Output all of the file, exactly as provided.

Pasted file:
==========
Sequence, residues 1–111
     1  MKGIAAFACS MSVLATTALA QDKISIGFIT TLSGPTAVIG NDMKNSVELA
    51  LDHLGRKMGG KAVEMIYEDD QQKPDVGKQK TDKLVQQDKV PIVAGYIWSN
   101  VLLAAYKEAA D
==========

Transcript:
Sequence, residues 1–111
     1  MKGIAAFACS MSVLATTALA QDKISIGFIT TLSGPTAVIG NDMKNSVELA
    51  LDHLGRKMGG KAVEMIYEDD QQKPDVGKQK TDKLVQQDKV PIVAGYIWSN
   101  VLLAAYKEAA D